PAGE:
Or, I Paid a Lot of Money To Turn Down What I Thought Was My Dream Band
By any conventional standards, last weekend doing California band was a complete failure.
Not only did I fail to earn a spot, I failed to even let myself earn a spot.
Furthermore, it costs a lot of money to fly across the country and stay in a hotel just to stop yourself from earning a spot. Someone overly concerned with money, like my mother, would think that the weekend was not only a failure but a complete waste of time.
For the five days leading up to camp, I thought that it would be a failure. But the plane ticket and hotel had already been booked, and the only thing worse than buying the unnecessary plane ticket is not using it.
The camp ended up not being a failure because I had to face my fear–killing my wildly ambitious dream. If anyone had told me after my first camp with the Surf in November of 2011 that I would find myself in this situation, I would have been absolutely appalled. This was an incredible experience and situation, but it was entirely up to me to realize and decide that it wasn’t for me. And I had to kill it.
During rehearsal on Friday night, all of the callbacks played an exercise or two down the line. I hoped that my playing was bad enough that they would cut me on the spot. I was using both a mouthpiece and horn I had never used before. It’s somewhat reasonable that it would sound bad.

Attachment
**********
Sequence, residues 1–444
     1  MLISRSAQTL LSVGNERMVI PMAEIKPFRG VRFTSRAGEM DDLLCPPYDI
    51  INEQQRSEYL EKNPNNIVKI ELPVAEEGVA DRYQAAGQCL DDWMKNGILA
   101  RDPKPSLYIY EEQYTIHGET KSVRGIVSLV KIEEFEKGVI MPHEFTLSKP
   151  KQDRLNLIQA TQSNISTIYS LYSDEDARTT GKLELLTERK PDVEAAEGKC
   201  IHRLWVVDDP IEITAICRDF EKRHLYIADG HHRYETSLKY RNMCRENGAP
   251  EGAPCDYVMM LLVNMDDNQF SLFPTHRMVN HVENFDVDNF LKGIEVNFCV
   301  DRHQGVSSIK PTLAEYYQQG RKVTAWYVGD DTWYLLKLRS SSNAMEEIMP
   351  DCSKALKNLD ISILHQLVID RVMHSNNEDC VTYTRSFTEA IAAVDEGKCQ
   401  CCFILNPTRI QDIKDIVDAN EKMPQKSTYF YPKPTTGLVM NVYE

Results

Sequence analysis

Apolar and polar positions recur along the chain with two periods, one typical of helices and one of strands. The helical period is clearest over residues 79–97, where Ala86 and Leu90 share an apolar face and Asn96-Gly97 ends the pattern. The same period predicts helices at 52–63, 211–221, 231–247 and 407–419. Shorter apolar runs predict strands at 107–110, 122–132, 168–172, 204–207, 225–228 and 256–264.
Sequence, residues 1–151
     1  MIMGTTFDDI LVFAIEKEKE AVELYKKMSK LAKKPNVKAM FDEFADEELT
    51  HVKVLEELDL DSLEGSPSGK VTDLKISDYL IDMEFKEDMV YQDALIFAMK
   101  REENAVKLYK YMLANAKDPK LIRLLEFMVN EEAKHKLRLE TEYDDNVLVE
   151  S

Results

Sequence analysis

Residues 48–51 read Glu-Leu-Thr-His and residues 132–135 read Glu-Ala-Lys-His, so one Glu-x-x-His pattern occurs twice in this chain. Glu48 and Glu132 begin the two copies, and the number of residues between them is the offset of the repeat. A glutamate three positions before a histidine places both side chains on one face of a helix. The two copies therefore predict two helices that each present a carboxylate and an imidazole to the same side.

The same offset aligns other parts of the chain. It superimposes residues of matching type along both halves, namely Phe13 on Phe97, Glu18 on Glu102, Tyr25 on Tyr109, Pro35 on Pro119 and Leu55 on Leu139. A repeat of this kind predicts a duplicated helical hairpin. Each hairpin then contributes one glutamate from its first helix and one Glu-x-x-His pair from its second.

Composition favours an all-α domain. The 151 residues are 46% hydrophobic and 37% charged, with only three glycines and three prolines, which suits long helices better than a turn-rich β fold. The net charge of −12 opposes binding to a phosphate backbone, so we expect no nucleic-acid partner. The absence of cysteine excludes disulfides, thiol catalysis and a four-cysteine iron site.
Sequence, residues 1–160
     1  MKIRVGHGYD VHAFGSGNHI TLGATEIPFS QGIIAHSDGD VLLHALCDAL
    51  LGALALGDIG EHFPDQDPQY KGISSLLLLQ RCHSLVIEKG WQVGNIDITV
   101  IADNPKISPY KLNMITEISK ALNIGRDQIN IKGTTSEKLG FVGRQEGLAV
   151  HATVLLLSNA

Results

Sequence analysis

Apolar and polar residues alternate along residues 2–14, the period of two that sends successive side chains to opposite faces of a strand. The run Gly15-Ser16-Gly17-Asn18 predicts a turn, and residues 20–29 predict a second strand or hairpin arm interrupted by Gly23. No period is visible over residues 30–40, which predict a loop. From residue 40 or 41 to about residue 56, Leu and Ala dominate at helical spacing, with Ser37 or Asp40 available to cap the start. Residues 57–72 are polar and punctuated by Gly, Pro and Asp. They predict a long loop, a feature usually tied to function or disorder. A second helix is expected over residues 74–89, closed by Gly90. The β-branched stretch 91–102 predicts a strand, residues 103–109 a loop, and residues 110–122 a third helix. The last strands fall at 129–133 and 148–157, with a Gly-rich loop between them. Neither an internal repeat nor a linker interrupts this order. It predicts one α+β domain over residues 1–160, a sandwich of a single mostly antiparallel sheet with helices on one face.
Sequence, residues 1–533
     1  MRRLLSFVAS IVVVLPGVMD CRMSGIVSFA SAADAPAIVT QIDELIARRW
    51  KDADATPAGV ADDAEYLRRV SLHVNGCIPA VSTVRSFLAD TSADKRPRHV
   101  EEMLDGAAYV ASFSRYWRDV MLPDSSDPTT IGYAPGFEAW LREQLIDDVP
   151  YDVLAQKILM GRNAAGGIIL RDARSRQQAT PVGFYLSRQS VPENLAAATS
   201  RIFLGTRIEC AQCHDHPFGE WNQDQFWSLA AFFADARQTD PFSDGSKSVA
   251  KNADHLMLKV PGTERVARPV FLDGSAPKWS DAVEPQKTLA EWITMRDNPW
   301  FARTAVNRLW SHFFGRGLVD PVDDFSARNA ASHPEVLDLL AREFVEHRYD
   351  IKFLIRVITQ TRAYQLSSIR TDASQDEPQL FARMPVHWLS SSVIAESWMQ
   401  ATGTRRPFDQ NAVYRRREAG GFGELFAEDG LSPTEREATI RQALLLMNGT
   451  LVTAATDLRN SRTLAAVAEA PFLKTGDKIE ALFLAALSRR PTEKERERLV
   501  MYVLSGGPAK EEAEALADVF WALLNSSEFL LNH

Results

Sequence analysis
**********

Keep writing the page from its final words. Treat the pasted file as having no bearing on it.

Saturday was better. I didn’t want to get cut, and I thoroughly enjoyed visual block. During subs that night, I didn’t have to go for an individual audition–I’m not sure if that was a good thing. I don’t even know if being closer to being offered a spot would have been “good.”
By Sunday morning I hadn’t told anyone that I didn’t want a spot. I told myself that I just hadn’t found a good time to do so. As you might expect, there were plenty of chances to say something–I was just too afraid.
Afraid of what–I’m not sure. If I was afraid of some negative reaction, waiting was clearly the worst thing to do, as the reaction could only get worse with time.
During lunch on Sunday I put on my big boy pants and asked the caption head to take me out of consideration. Considering that the camp ended at 6pm, telling him at noon seemed reasonable. This was actually the absolute last chance I had, because they were doing music on the move and making final decisions right after lunch.
To answer a question before it is asked: I had to tell them because in their selection process, there isn’t a way to say no. Saturday morning was when we filled out a ton of forms, and one of those was the contract. We were told that if we made it, they keep the contract. If not, they shred it.
This thought plus the observation that they cut people at the same time that they accepted people led me to believe that waiting until a decision was made and then possibly declining would potentially mess up their process. Starting some kind of fiasco was not the priority. In fact, not starting any kind of fiasco was very high on the short priority list.
My conversation with the caption head went something like this:
“Hey John, I’d like to take myself out of consideration for a spot. I thought for quite a while this was my dream but I signed a contract last week and I can’t do this. I know I should have told you earlier, I am very sorry.”
And then I ran away and cried.
Or something like that… There were a few tears.